Toddler with rare skin disease still beating the odds

Michelle Stuckey
April 29, 2011 at 9:25 am  | Mobile Reader | Pring this storyPrint 

Courtney Roth holds her 2-year-old son, Tripp, who was born with a rare skin disease that causes blisters and sores.
Courtesy Photo
Courtney Roth holds her 2-year-old son, Tripp, who was born with a rare skin disease that causes blisters and sores.
Two years ago, doctors told Courtney and Randy Roth that their newborn son, Tripp, would not live to see his first birthday. Now Tripp is approaching his second birthday on May 14 and he and his family are still fighting.

Tripp is just like any other 2-year-old, according to his mother. He loves music and can be a little bossy now that he is hitting his “terrible twos.” But Tripp is constantly battling for his life.

He was diagnosed at birth with a rare skin disease, junctional epidermolysis bullosa or JEB, which causes blisters and sores to form on Tripp’s skin anywhere that friction occurs, which means that he cannot play, crawl or even have his diaper changed without irritating his skin.

Because of the disease, Tripp’s body must be wrapped in bandages at all times to protect him from friction and infection.

Almost every week new problems come up with Tripp’s condition or his problems worsen.

“Everyday life for Tripp recently has been trying to prevent him from infection,” Courtney said. “No matter how hard I try…he eventually catches something because of all his open wounds.”

But Courtney has definitely been trying hard to keep Tripp away from germs.

Tripp has not left his house in six months. His doctors make house calls to check up on him, and Courtney bathes and changes his bandages every other day - a process that takes about three hours. Tripp also stays on antibiotics about once every month or every other month and takes morphine every four hours, every day.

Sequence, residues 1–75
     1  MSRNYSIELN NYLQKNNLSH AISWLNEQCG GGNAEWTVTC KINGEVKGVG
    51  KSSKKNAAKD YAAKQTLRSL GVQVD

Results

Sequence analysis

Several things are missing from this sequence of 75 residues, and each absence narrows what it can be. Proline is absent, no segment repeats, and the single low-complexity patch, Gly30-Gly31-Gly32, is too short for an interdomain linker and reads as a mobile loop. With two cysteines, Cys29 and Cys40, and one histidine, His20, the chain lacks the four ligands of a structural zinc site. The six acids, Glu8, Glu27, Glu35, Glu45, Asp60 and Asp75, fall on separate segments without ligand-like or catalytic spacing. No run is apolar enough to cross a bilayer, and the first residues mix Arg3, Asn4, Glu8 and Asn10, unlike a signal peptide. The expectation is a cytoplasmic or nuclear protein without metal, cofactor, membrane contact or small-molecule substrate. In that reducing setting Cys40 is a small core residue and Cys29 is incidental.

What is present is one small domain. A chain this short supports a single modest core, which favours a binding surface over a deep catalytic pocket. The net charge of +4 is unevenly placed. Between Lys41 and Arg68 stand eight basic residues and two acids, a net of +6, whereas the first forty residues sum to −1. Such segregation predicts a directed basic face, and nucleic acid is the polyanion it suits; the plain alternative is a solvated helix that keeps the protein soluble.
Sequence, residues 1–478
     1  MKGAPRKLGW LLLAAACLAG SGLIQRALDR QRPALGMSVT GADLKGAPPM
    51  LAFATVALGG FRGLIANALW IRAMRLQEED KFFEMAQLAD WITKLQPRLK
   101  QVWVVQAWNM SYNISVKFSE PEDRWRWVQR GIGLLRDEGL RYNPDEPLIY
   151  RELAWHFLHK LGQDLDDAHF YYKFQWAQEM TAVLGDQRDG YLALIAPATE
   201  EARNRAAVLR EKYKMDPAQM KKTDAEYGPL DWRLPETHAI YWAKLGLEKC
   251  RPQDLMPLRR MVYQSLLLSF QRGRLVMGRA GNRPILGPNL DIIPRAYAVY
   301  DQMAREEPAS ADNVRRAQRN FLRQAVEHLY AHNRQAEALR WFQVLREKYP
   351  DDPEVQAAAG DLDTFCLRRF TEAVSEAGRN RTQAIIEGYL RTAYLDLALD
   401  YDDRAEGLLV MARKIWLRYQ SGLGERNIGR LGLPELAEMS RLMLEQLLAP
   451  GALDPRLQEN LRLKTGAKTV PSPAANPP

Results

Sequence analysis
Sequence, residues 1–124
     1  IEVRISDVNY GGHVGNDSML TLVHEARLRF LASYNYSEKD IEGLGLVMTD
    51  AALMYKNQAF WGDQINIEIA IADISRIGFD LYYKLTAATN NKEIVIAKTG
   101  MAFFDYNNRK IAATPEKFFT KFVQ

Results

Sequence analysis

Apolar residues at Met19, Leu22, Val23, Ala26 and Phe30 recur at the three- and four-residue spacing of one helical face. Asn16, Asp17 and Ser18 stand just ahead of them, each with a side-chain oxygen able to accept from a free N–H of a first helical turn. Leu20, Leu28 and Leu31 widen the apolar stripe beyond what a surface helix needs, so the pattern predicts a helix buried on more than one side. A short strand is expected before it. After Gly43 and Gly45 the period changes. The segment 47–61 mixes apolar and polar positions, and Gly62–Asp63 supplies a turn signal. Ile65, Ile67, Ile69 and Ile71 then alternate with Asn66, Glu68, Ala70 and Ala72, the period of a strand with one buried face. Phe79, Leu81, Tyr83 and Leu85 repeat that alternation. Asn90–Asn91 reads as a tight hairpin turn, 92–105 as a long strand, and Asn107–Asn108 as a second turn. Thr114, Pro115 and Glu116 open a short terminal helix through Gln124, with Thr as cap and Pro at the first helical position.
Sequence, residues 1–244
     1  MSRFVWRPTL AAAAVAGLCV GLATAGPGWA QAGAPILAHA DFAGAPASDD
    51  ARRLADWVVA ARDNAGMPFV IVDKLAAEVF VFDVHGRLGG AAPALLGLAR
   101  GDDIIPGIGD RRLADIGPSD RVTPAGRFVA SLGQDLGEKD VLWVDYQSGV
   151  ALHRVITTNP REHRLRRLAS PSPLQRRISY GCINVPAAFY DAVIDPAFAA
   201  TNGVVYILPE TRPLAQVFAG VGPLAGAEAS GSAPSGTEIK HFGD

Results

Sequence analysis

Despite Tripp’s condition, Courtney said he is very similar to other children and that he has the best quality of life possible considering his situation.

“I feel that we have given him the best possible care that we could have…We have given him so much love,” she said. “He has reached so many milestones which is just amazing considering all of the obstacles that he’s had to overcome.”

Tripp has recently become infatuated with music and he clicks his tongue, the only noise he can make, to any tune. He also loves banging his drum and shaking his maracas.

Courtney said it feels great to see him beating the odds and living to see his second birthday.

“He is definitely the strongest person that I know. I honestly do not know how he keeps fighting so hard day after day when it hurts me to watch the amount of pain he is in,” she said. “He smiles and pushes through…I think we could all learn a lot from this little angel who hasn’t even spoken a word.”

As for the future, Courtney said that bone marrow transplants have been used in Minnesota to treat children with epidermolysis bullosa, but that the risks of such a procedure outweigh the benefits for Tripp.

“For Tripp, the risk of the transplant is greater than the expected outcome - even if he would live through the transplant,” Courtney said. “I don’t feel comfortable risking his life for this transplant when the results from the children doing the transplant have not been consistently positive.”

While Tripp and his parents continue to fight and wait for a miracle, Courtney said that their family and friends, and even strangers in the community, have been very supportive and helpful.

“The community of St. Charles Parish continues to be of much support to us,” she said. “I get letters of encouragement and support constantly and know of many people who are still donating to Tripp’s fund to help with his medical expenses.
“I want everyone to know how much I appreciate all the support that has been given to our family…please continue to pray for our little boy.”

There is a “Randal ‘Tripp’ Roth Benefit Fund” account set up at First American Bank in Norco that accepts donations for Tripp.

View other articles written Michelle Stuckey

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